infections and deaths were not an “accident”

infections and deaths were not an “accident”
infections and deaths were not an “accident”

It wasn’t an accident. What is considered one of the biggest health disasters in the history of the United Kingdom “could have been avoided.” But, instead, the Government withheld the information, “betraying the victims’ trust again and again”. After seven years of investigation, the retired judge Brian Langstaff published this Monday the conclusions on the scandal of transfusions with contaminated blood carried out in the 70s and 80s.

Around 30,000 people were infected with HIV, Hepatitis B, C and chronic viral diseases. More than 3,000 – including children used as “guinea pigs” – lost their lives and the number continues to rise week after week. The victims had been asking for the truth to come to light for half a century and they have finally achieved their goal with the publication of a report that has caused great shock in the country. “The Government repeatedly maintained that people were receiving the best treatment available and that testing of blood donations began as soon as the technology was available. “Both statements were false,” stressed the retired judge at the head of an investigation that began in 2018.

Langstaff claims that The risk of infection from blood transfusions has been known since at least the 1940s.but in the United Kingdom nothing was done about it, in fact, blood products continued to be imported from abroad, including from the United States, where prisoners and drug addicts were paid to donate.

By hiding the patients who were infected, they were also allowed to infect their families, in many cases leading them to social ostracism due to the stigma that existed regarding AIDS and other blood diseases. The compensation package will now exceed 12 billion euros. But for the victims, the important thing is to get justice. “Now the country and the entire world know that there was a deliberate attempt to lie and hide”says the activist Clive Smith. However, no one will go to jail.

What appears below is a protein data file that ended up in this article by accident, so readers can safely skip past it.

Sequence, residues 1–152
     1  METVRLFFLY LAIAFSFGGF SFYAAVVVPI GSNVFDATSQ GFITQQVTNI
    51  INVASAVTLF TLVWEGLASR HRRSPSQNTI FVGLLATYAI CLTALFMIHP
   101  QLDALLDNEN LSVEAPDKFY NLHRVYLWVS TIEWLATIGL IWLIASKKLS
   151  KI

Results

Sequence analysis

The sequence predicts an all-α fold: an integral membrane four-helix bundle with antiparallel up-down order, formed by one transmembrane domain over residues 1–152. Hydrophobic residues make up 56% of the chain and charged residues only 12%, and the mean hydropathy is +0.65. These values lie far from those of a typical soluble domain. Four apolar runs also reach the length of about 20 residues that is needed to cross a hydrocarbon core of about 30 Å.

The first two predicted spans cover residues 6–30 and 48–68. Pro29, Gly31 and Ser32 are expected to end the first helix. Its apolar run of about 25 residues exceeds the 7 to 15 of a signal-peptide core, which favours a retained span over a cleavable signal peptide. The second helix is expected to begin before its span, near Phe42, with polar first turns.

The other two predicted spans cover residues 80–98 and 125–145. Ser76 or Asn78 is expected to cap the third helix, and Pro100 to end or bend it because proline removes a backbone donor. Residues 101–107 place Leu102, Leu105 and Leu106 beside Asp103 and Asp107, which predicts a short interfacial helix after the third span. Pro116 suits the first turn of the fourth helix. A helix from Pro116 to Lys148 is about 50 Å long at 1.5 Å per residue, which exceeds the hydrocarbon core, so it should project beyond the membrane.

The investigation concludes that successive governments were “more concerned about reputational damage than about openness and honesty.”. “The answer to the question ‘was there a cover-up?’ there has been. Not in the sense of a handful of people hatching an orchestrated conspiracy to deceive, but in a way that is more subtle, more penetrating, and more chilling in its implications. “In this way, a large part of the truth has been hidden,” he clarifies.

The NHS engaged in “defensive closing ranks” rather than launching investigations or apologizing to the thousands of infected. There were “systemic, collective and individual failures to ethically, adequately and rapidly address the risk of blood-borne infection transmission.”

One of the most devastating chapters is the one dedicated to the tragedy that unfolded in the Lord Mayor Treloar College, a Hampshire school in a haemophilia clinic. Of the 122 hemophilia patients who attended the school between 1970 and 1987, only 30 survive.

The minors were used as a “unique” experimental opportunity, “indiscriminately” providing them with blood products that turned out to be contaminated with HIV and hepatitis C, without informing them or their parents.. One heartbreaking passage details how schoolchildren were told they had been infected with HIV: “Staff went around the room saying ‘YES, NO, YES, NO’ to indicate whether they were HIV positive and then the children were sent back to school.” class”.

The current Conservative Prime Minister, Rishi Sunak, apologized to the victims. But the fact that To date, the Executive has not established its compensation plans In the two years since the payments were first recommended, it is considered a “serious failure that reproduces the mistakes of the past” and “compounds the harm that has already been inflicted”, perpetuating the same lack of support that victims have been suffering. “for almost half a century.”

Three crucial sets of documents were lost or destroyed in the 1980s and 1990s. that presented a bad image of the Government. The report claims that it was “a deliberate attempt to make the truth more difficult to reveal.” The destroyed files include those detailing how many people could have been saved from hepatitis C infection. Medical records of individual patients were also lost or destroyed, making it impossible for the inquiry to seek help or understand how and when they became infected.

Furthermore, despite knowing the risks of imported blood, the United Kingdom did not manage to achieve “self-sufficiency” in blood treatments until 1990. This meant that throughout the 1980s, The NHS continued to import factor VIII, a blood plasma treatment for blood clotting, from the United States, where manufacturers paid high-risk donors, including prisoners and drug users.

Meanwhile, the UK blood services continued to collect donations from British prisons until 1984, despite the health department being warned from the early 1970s that it was unsafe.

Thousands of patients still do not know that they could be victims of the scandal. This includes two-thirds of those who received blood transfusions between 1965 and 1974, and three-quarters of children who received blood transfusions between 1975 and 1984.

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